This glossary is mostly in alphabetical order, with an expected goals section at the bottom here.
The curve in performance-level during a player’s career, rising when they’re young and dipping as they get older.
Studies have been done (here, in 2013, for example) on what the general age curve looks like in football, but these differ by position, statistic looked at, and, of course, the individual. Generally, ‘peak performance’ or peak age is considered to be around 24-28.
Note: this stat only comes from the data company Opta. It is a shot which has been designated by one of the people tagging the game as a big chance of scoring.
Further note: many data companies gather their data by employing analysts to watch the game and ‘tag’ events as they happen. You can watch a brief (though slightly old) video on the process here.
Contribution (‘Shot/goal/expected goal contribution’)
The number of shots that a player takes or sets up is their ‘shot contribution’. Can equally apply to goals (with goals and assists) or expected goals (with expected goals and expected goals assisted).
The percentage of a player or team’s shots that are scored.
The term usually used to describe on-the-ball data.
Whether one team is leading, drawing, or trailing a match.
Studies have shown (with one of the first all the way back in 2012) that winning or trailing affects the way that teams play, crucially the amount of shots and where they’re taken from.
Game state can therefore be an important thing to consider when looking at statistics from a match, or a team’s stats over multiple games.
For example: “Burnley have a lot of points but their stats aren’t very impressive. Maybe game state is a factor and they keep going ahead early in matches and spent most of their time sitting back to defend their lead.”
A close game state is one where a team is level or trailing/leading by a single goal.
The half-space is a term often used in tactical writing, but it’s a useful term to have for that in-between space that’s not quite wing and not quite centre. In English football, this may have previously been called ‘the channel’, but that can be confused with the channel between individual players.
Although mainly used in tactical writing, their value as a descriptive term means they sometimes cross over into statistical writing too.
For a detailed article on why the halfspaces are useful tactically, read now-Red Bull Salzburg coach Rene Maric here.
The number of times a team or player crosses the 18 yard line (if the 18 yard line was across the whole pitch).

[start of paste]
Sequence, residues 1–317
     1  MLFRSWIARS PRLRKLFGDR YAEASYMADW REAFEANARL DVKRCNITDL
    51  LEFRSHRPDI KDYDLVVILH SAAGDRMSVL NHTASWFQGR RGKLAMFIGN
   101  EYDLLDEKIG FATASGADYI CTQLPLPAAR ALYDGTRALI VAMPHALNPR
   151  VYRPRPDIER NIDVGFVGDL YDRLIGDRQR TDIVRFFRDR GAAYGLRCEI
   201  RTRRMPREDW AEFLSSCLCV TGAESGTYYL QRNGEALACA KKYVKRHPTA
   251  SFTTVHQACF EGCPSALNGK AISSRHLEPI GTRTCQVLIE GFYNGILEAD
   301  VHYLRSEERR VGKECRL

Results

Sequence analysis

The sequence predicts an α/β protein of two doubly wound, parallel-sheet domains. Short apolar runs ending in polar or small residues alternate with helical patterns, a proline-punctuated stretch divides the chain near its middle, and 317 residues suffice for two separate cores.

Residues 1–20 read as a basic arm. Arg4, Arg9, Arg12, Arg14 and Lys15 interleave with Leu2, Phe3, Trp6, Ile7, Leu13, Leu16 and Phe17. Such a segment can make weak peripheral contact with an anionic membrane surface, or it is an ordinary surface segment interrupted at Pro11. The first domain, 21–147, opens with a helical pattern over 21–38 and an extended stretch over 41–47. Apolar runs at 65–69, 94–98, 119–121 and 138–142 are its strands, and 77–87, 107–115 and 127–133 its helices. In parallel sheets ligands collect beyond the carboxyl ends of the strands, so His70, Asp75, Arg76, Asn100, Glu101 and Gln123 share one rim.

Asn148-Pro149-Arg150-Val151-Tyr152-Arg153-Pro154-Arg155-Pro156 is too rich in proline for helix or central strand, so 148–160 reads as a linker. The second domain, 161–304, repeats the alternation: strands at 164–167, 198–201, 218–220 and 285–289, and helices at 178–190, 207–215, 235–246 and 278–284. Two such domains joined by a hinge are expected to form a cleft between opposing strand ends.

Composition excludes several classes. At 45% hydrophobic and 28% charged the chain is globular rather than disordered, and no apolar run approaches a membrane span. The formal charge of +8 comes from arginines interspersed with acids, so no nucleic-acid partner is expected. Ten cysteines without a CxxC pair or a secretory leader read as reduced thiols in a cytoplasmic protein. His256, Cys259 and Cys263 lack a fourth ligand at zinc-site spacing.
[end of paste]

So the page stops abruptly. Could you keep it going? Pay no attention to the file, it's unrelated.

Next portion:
Also known as: Chance created, Shot assist
A pass (or miss-hit shot) that leads to a shot, including assists.
Often abbreviated to: NPG
All goals that didn’t come as the direct result of a penalty (goals from rebounded penalties count).
Studies on the age curve (here, for example) give an indication of a general age range where players are at their peak.
While not exact, most people use ages around 24-28 as the peak, but differ depending on position and, of course, each individual is different.
Often abbreviated to: PAdj
Often used with defensive statistics, these are metrics that have been adjusted to reflect the amount of possession a team has had.
Per 90 minutes
Often abbreviated to: per 90, p90, /90
An alternative to looking at ‘Total’ stats, ‘per 90 minutes’ refers to the number of actions per 90 minutes of playing time.
Usage is more widespread than alternative ‘per’ stats.
Per 100 possessions
Similar to per 90 minutes, this divides a player or team’s total stats to see what they do per 100 possession sequences of the ball that they have.
Per minute of possession
Similar to per 90 minutes, this is the number of ‘actions’ per minute a team has in possession. A good example of why this could be useful can be found here, by Jamie Kilday (@FitbaInScotland) on Modern Fitba.
Passes against Per Defensive Action
Often abbreviated to: PPDA
PPDA is a measure of describing how intense or effective a team’s high press is.
It is calculated by dividing the number of passes conceded by defensive actions. It often uses stats that occurred above a certain part of the pitch, like the opposition half, although methods do vary.
Passages of play which belong to one team and are ended by defensive actions, stoppages in play or a shot (original definition from Opta).
Partly due to differences in data, different people count sequences of possession in different ways*, but the principal remains the same across them all.
*(they can even call them slightly different things!)
The pass before the assist (or the pass before the pass before the shot that turns into a goal).
Also known as: Pressure actions
When a player moves towards an opponent on the ball to pressure them, but does not necessarily attempt a tackle.
Regressing to the mean
If statistics seem far away from a general average, they will likely move closer to it. Most often used when discussing the finishing of chances or a team’s results.